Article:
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Research Shows Strength Training Increases Longevity

By Erik Gans, 9:00 am on

Adding twice-weekly strength training to your workout may help you live longer, or so says a study recently read by Westport elder care professionals. It has long been recognized that aerobic activity provides numerous health benefits including preventing heart disease, cancer, diabetes, and premature death; however, there was limited evidence regarding the benefits of strength training on longevity.

In a recent study published in Preventative Medicine, researchers examined the mortality rates of more than 30,000 older adults over a 15-year period. Of that group, approximately nine percent reported engaging in strength training activities at least twice a week. The results demonstrated that individuals who participated in strength training had the expected improvements in terms of muscle mass, strength, and physical function. They also had improvements in terms chronic conditions, including:

  • A 41 percent reduction in the risk of cardiac death
  • A 19 percent decrease in the risk of dying from cancer
  • A 46 percent lower chance of death from any cause

It is important to note that study participants who strength trained tended to be slightly younger, married, Caucasian, and higher educated. They were also more likely to engage in healthy behaviors such as abstaining from smoking and alcohol, getting regular physical exercise, and maintaining a healthy body weight.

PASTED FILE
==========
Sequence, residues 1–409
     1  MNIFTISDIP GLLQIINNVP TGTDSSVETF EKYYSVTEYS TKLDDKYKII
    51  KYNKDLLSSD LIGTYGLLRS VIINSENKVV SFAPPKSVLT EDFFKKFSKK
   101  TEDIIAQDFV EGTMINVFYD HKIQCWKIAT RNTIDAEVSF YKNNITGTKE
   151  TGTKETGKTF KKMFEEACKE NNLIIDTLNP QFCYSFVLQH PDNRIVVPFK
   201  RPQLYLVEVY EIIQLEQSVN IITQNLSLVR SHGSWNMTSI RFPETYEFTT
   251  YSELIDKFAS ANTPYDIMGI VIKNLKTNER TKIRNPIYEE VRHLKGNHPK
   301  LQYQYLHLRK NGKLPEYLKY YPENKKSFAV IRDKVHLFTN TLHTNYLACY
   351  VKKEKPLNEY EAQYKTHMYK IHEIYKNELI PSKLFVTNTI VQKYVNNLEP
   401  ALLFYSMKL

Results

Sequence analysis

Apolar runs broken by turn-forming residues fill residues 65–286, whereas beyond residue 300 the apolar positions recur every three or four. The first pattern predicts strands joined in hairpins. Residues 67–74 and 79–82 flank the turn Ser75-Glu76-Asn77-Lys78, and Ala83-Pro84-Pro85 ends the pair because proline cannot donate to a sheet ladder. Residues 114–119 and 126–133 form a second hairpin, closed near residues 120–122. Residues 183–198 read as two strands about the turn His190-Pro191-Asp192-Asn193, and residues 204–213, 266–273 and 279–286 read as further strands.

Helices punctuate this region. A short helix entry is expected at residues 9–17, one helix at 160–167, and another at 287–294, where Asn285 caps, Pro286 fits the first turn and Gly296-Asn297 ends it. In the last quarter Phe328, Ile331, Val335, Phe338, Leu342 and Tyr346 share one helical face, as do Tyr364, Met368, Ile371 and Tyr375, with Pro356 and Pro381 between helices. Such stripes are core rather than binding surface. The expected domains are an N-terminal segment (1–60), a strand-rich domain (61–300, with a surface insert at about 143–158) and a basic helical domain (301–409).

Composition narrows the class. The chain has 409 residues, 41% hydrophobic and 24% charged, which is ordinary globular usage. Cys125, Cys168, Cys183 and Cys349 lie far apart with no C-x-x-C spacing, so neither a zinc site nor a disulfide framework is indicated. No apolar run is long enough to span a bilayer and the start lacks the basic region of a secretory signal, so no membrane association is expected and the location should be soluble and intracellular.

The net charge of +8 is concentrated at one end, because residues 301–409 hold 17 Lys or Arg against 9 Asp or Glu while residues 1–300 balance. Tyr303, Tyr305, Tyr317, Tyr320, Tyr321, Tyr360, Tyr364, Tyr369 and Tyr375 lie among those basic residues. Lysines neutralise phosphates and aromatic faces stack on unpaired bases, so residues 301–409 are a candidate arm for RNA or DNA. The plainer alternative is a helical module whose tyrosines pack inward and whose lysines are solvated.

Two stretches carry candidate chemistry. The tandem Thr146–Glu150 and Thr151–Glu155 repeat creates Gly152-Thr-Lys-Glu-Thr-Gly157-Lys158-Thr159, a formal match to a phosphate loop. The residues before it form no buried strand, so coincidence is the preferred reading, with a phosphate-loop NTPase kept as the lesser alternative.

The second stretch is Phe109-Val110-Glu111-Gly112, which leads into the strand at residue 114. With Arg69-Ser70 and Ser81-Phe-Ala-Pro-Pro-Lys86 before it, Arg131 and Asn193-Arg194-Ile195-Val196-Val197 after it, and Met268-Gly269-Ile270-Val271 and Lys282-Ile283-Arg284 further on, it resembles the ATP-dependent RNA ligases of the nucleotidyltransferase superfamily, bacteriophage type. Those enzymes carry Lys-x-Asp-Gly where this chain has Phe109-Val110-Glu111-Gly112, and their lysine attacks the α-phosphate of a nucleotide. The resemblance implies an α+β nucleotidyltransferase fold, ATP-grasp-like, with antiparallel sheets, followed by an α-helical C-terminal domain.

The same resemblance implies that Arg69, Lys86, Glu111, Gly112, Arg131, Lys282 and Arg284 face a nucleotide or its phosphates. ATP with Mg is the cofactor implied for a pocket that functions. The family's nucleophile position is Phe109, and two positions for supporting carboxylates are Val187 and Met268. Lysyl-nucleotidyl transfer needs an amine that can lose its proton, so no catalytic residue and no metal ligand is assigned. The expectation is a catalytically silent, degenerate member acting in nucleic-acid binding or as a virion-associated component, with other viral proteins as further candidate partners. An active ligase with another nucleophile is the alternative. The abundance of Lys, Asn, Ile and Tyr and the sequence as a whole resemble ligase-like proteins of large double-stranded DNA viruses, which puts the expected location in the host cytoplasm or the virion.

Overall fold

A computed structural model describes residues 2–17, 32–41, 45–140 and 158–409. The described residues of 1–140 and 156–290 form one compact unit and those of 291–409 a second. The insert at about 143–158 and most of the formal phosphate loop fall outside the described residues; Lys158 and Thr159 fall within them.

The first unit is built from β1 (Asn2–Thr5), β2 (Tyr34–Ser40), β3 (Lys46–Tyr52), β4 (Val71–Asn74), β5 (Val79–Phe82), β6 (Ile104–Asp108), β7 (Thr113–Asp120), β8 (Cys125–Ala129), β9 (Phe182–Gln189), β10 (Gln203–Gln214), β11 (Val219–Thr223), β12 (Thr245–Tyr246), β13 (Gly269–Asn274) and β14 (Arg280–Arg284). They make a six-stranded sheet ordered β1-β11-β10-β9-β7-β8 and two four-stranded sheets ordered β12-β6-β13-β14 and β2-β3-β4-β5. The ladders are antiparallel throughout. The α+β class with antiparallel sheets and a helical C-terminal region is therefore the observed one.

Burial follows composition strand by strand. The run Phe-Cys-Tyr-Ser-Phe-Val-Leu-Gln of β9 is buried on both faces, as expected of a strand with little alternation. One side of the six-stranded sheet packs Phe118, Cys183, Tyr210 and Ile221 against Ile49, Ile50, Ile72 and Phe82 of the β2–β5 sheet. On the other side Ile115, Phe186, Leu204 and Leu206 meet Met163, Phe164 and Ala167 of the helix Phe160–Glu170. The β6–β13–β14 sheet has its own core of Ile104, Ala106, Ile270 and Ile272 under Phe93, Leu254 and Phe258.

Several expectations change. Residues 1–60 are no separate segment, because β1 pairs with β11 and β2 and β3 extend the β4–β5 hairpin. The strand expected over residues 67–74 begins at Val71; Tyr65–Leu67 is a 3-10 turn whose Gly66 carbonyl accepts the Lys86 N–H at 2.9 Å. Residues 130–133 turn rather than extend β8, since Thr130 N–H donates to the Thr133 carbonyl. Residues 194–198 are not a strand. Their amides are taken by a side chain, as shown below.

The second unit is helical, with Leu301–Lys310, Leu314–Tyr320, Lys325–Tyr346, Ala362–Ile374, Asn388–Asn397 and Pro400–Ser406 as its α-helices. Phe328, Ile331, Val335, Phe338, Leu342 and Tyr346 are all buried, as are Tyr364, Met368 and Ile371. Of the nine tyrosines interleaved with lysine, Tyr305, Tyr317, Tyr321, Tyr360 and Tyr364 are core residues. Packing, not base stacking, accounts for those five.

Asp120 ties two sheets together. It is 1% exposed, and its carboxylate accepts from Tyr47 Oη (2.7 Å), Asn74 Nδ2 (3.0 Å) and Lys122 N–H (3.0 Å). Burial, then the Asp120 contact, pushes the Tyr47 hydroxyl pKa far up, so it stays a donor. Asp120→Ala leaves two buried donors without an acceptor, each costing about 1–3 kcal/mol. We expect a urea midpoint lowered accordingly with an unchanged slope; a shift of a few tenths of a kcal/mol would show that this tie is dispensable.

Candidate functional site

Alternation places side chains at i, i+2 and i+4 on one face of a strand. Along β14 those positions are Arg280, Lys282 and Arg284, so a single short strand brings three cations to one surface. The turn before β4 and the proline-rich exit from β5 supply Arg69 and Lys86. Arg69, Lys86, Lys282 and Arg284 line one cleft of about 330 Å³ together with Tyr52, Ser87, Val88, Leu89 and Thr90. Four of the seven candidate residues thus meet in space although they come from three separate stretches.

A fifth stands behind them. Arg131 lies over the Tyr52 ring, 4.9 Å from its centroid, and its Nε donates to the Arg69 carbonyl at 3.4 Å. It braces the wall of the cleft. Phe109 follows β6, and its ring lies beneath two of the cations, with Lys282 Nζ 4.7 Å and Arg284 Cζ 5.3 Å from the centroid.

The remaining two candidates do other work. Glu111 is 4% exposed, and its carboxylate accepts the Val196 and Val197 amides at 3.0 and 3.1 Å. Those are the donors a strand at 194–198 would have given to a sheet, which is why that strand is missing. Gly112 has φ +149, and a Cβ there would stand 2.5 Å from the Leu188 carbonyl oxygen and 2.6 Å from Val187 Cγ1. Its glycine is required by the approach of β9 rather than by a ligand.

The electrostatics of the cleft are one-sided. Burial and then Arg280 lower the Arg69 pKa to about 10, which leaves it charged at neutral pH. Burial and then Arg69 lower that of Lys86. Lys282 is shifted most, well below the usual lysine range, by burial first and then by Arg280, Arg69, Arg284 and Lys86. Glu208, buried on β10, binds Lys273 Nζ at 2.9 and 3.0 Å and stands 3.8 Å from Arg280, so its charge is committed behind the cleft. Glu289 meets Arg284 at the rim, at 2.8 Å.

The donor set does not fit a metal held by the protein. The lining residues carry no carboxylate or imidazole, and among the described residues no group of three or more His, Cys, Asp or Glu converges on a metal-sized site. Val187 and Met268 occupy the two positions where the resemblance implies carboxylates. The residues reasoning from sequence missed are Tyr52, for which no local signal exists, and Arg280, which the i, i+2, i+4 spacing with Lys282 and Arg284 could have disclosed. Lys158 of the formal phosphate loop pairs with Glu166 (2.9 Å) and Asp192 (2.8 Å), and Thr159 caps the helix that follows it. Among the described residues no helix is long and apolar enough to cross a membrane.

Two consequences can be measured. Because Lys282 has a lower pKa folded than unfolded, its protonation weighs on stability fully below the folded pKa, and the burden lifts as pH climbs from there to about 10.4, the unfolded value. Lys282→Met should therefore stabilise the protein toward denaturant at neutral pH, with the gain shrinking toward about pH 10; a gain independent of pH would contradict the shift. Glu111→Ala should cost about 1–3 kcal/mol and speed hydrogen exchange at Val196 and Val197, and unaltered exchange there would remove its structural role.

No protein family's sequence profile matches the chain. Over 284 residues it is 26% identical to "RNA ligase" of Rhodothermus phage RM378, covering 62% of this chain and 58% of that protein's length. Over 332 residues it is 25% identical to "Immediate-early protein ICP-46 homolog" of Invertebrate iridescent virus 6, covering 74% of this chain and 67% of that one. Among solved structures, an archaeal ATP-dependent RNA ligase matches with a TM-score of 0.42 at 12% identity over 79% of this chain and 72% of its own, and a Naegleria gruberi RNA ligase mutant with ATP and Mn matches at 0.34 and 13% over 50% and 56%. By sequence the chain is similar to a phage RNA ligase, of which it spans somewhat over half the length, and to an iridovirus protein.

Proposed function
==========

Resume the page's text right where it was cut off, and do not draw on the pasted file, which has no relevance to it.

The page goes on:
Even after the study results were adjusted for variables such as demographics, health conditions, and health behaviors, there was still a statistically significant benefit on overall mortality. There were also benefits in terms of cancer and cardiovascular conditions, although those numbers were no longer statistically significant. Individuals who strength trained in addition to aerobic activity had a greater mortality benefit than those who engaged in aerobic activity alone.

According to Dr. Jennifer L. Kraschnewski, assistant professor at Penn State College of Medicine, we need to look for more ways to get seniors interested and engaged in strength training. Even though only a small fraction of seniors strength train, the evidence is clear that the benefits go far beyond building strength and function.

Interested in learning more about keeping seniors healthy and happy in their golden year? We can help. While we are known for our Alzheimer’s and dementia care Westport families trust, we also offer flexible hourly care plans that can include everything from cooking and cleaning to running errands and mobility support. Give us a call today at 203-955-1915 and schedule a free in-home consultation to learn more.